How to avoid legal issues when launching a website or mobile app

0
188

Nowadays, it’s easier than ever to launch your website or present a mobile application to the public. But at the same time, it’s harder to make an impact on the market and achieve success. The digital field is packed with countless apps and websites pages with new ones rising each day.

However, it’s not just the innovative side of apps and websites that matter. There are a lot of legal technicalities to take care of before you even think about launching your new content. Apart from thoroughly assessing the market potential and acquiring the necessary information about the target audience, there are three crucial questions to ask yourself to avoid potential legal issues down the road.

Does Your Website Collect Personal Information?

In order to create a powerful strategy for growing your brand and enhancing your business operations, you will have to collect personal information on your website. As the website and app success depends on a customer’s satisfaction, this is the best option for getting into the minds of consumers and discovering their likes, dislikes, and desires.

That being said, people have become increasingly aware of the importance of protecting their sensitive data. The truth is that many are happy to share their information such as photos, current locations, and opinions on popular social media platforms like Facebook, Twitter, Instagram, and others, but over 80% of users are more concerned about their privacy and online security today than they used to be the previous year.

Why is this? Because cybercrime is on the rise, and we have all our lifestyle information and credit card numbers linked to various accounts on the internet. So, the emphasis is utterly on the website privacy policy as a way of online protection.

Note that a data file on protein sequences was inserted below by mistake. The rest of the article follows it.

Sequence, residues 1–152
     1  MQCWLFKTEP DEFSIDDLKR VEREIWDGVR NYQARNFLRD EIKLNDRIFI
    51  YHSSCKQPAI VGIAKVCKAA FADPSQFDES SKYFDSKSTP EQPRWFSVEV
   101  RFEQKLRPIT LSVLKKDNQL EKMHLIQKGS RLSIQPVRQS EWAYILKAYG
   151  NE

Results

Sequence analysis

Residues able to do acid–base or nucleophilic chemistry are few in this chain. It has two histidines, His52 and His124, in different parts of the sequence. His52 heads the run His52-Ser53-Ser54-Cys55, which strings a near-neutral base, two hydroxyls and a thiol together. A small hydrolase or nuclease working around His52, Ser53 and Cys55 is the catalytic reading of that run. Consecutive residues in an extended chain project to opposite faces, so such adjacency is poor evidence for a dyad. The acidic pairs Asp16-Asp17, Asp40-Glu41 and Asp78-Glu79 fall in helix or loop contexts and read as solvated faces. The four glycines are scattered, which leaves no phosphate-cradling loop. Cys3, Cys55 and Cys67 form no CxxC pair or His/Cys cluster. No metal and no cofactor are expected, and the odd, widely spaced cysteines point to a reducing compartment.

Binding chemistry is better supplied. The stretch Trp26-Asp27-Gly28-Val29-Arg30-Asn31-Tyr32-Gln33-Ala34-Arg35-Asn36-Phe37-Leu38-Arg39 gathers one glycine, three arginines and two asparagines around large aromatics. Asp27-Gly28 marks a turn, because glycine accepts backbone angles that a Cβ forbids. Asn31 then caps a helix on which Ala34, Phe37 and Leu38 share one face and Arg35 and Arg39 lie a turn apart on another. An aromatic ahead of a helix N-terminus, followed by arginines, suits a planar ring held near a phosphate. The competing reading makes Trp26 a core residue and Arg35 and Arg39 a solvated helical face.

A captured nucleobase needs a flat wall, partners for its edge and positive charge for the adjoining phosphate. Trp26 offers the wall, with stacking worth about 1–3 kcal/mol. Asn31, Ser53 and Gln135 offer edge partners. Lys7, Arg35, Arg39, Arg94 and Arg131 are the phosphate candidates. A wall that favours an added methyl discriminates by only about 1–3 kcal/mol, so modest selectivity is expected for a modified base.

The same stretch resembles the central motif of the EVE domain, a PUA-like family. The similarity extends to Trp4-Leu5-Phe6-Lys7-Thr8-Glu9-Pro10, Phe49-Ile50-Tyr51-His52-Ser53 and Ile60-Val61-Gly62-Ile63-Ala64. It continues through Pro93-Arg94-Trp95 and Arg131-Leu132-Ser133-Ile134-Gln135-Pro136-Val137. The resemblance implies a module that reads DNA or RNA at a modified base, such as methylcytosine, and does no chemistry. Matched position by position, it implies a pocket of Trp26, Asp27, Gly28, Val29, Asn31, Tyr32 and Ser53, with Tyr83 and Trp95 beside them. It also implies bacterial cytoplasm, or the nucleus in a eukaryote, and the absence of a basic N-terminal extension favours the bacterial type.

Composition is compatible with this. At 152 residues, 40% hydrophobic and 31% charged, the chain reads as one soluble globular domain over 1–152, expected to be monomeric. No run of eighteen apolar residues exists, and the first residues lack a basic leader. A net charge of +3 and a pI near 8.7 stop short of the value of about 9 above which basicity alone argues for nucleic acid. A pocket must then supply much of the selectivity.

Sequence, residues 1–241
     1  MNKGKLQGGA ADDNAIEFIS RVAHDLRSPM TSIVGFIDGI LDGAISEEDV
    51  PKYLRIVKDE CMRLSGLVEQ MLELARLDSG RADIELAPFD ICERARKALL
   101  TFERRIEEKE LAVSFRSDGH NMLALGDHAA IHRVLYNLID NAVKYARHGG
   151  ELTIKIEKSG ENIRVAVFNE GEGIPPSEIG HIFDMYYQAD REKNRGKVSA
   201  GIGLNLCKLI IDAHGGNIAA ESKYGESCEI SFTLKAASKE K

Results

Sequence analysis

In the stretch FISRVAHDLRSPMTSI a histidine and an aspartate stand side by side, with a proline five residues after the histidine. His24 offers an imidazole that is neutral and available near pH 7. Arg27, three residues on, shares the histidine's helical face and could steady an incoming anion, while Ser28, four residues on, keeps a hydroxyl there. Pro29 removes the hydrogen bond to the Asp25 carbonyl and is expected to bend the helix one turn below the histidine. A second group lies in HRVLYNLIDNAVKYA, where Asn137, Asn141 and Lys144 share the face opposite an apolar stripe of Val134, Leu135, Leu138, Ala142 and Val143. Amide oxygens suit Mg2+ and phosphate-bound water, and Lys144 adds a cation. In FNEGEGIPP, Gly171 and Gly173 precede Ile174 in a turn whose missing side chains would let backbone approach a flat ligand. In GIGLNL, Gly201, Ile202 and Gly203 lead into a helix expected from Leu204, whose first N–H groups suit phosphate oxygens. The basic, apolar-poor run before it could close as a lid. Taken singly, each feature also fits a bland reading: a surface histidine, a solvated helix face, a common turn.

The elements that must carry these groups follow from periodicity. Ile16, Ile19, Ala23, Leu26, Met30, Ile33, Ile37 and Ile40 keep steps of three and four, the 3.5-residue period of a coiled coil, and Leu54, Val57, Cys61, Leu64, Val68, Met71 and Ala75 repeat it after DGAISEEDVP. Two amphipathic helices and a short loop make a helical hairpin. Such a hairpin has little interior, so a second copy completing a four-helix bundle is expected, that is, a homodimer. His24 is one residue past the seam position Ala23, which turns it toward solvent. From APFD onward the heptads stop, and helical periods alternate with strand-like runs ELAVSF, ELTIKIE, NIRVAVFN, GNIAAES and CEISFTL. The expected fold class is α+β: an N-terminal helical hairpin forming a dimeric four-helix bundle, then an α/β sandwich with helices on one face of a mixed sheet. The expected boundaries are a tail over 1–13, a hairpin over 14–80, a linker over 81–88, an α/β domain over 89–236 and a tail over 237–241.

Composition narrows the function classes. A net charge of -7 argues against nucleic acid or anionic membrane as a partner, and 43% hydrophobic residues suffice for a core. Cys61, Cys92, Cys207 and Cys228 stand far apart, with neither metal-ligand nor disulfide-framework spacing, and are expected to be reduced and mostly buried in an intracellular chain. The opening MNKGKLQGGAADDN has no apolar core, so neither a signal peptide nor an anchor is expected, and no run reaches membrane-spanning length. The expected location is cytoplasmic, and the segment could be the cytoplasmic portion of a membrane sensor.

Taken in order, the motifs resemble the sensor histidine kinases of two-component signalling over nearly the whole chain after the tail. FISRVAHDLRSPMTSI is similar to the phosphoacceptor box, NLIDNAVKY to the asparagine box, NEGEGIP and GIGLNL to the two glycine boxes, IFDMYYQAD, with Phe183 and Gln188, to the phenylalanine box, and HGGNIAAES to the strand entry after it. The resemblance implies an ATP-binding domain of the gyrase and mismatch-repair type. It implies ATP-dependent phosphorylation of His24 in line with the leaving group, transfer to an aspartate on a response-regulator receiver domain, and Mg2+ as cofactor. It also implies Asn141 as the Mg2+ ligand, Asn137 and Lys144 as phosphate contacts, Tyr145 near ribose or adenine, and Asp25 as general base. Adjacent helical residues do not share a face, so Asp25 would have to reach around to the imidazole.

A privacy policy is one of the essential documents every website and mobile appmust have. Privacy policies are required by law in many countries just like major industries such as banks and medical professionals.

How does it work? The privacy policy should consist of at least these five sections:

  • Introduction – Informing the visitors about your organization and website purpose. If the site has special terms and conditions for collecting information, this is the part in which you should point that out and make matters clear to the audience.
  • What information you collect – The site’s visitors have the right to know what type of data you are collecting. Provide all the information logged by your servers (IP addresses, hostname) and ask them to complete a form or agree to the website saving their personal information.
  • How do you collect information – What approach will you be using to gather information? Will the process be automated? By answering these questions, including whether the forms visitors fill collect other information, you can get a clear image on how to create a detailed description of collecting data.